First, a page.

Take the 2-minute tour ×
Stack Overflow is a question and answer site for professional and enthusiast programmers. It's 100% free, no registration required.

For example:

char a[] = "abc\0";

Does standard C say that another byte of value 0 must be appended even if the string already has a zero at the end? So, is sizeof(a) equal to 4 or 5?

share|improve this question
There absolutely nothing wrong with the English in your question. But couldn't you find the answer by simply trying it? –  Barmar Jul 30 '13 at 9:41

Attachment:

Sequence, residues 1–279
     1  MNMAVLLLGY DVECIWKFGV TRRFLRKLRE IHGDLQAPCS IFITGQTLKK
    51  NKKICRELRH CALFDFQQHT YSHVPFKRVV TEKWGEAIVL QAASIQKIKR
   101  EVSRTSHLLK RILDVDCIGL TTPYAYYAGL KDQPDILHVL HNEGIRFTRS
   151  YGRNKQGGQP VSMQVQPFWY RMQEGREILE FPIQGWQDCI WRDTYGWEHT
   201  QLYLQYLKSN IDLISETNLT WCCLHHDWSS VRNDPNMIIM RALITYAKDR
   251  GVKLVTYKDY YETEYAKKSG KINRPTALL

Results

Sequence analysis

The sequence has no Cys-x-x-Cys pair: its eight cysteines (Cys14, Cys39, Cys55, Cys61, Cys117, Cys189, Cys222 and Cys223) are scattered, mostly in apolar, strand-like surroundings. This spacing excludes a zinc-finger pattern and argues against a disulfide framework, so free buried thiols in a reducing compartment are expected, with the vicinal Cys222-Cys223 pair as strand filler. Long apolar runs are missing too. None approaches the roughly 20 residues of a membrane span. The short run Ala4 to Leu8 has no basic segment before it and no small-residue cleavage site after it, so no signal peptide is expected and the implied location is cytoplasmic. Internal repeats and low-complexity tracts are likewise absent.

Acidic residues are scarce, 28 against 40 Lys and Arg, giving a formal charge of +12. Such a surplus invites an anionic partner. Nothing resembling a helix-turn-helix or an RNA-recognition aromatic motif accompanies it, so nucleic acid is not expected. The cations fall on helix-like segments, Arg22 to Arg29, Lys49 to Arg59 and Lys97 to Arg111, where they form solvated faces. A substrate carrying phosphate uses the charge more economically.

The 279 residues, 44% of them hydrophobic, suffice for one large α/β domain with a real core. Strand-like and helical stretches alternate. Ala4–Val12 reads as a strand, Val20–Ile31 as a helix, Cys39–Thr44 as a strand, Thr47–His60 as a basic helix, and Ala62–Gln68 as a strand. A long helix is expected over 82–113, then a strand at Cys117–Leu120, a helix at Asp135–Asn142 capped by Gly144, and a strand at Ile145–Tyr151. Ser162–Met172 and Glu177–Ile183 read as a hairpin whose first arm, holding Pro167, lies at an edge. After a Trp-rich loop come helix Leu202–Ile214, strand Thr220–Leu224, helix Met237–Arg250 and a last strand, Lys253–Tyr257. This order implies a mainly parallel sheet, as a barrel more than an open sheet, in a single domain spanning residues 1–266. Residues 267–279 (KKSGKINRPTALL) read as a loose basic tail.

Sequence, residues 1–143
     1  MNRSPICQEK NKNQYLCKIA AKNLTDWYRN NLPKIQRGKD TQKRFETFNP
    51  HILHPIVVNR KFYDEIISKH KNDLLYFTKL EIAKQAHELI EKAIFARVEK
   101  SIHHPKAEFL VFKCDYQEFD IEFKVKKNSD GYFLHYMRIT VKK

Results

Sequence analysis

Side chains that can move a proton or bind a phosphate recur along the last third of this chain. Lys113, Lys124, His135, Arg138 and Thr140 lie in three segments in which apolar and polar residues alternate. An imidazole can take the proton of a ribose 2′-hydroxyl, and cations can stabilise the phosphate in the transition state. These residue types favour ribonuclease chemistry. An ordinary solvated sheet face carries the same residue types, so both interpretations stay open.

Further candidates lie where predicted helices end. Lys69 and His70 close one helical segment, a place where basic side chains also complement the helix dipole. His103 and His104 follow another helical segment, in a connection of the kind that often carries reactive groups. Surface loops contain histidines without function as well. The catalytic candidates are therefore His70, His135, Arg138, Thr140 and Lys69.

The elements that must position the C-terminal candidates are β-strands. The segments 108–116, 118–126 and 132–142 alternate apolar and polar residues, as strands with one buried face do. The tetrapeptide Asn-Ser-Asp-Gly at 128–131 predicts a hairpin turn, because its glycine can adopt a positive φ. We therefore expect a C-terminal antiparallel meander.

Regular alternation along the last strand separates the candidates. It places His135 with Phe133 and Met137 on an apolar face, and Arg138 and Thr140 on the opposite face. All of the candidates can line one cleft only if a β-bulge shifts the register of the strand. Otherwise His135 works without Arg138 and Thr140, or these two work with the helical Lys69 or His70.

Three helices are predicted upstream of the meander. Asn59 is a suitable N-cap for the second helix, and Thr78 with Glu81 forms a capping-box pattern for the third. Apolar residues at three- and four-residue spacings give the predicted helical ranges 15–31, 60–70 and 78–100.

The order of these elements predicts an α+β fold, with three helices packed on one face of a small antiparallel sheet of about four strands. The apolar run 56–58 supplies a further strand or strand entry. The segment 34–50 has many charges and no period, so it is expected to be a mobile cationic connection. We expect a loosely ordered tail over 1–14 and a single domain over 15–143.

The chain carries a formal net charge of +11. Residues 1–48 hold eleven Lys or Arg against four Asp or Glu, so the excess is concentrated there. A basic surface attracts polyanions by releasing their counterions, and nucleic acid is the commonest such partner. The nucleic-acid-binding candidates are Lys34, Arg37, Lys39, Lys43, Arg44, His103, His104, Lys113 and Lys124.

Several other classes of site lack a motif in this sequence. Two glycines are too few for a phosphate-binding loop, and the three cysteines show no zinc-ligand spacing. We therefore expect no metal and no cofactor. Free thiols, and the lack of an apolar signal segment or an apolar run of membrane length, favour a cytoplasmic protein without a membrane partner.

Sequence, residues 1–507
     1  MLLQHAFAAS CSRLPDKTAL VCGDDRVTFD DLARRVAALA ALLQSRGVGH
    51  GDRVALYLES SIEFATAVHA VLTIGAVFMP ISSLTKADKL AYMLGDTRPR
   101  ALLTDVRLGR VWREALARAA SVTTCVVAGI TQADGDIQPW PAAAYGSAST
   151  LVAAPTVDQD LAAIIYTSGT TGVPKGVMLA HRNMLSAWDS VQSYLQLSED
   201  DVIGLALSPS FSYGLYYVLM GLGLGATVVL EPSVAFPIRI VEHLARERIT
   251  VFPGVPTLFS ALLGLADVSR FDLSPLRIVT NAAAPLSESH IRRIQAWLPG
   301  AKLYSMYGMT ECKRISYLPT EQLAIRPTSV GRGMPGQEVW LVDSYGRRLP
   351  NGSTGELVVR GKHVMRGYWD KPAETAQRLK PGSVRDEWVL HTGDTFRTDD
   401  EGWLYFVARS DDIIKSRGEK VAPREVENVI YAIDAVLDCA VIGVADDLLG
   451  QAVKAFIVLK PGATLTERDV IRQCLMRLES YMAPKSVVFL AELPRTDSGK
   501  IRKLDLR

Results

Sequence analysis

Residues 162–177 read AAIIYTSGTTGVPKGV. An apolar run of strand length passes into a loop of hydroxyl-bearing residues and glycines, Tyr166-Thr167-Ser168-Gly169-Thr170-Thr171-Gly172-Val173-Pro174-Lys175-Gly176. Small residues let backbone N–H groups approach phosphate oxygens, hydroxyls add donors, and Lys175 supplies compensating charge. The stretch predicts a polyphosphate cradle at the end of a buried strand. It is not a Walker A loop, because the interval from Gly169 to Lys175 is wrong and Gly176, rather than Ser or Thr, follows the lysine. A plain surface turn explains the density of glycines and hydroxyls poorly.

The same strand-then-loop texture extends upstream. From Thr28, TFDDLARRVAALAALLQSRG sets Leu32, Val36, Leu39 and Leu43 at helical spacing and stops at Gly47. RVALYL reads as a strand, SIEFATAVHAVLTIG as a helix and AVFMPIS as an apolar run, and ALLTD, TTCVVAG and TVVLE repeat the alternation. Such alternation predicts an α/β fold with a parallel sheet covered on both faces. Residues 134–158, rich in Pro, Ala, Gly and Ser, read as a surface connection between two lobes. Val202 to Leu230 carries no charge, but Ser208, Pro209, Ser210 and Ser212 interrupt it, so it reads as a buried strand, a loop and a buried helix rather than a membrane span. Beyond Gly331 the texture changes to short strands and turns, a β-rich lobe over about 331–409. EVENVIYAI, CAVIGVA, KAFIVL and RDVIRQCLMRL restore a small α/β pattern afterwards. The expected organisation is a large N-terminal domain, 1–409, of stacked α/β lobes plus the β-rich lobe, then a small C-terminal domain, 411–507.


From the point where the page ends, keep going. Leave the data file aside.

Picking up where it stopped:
If you want to be explicit, you could write: char a[] = {'a','b','c','\0'};. This isn't declared as a string literal so an extra terminating null isn't appended. –  Coder_Dan Jul 30 '13 at 10:10

1 Answer 1

All string literals have an implicit null-terminator, irrespective of the content of the string.

The standard (6.4.5 String Literals) says:

A byte or code of value zero is appended to each multibyte character sequence that results from a string literal or literals.

So, the string literal "abc\0" contains the implicit null-terminator, in addition to the explicit one. So, the array a contains 5 elements.

share|improve this answer

Your Answer


By posting your answer, you agree to the privacy policy and terms of service.

Not the answer you're looking for? Browse other questions tagged or ask your own question.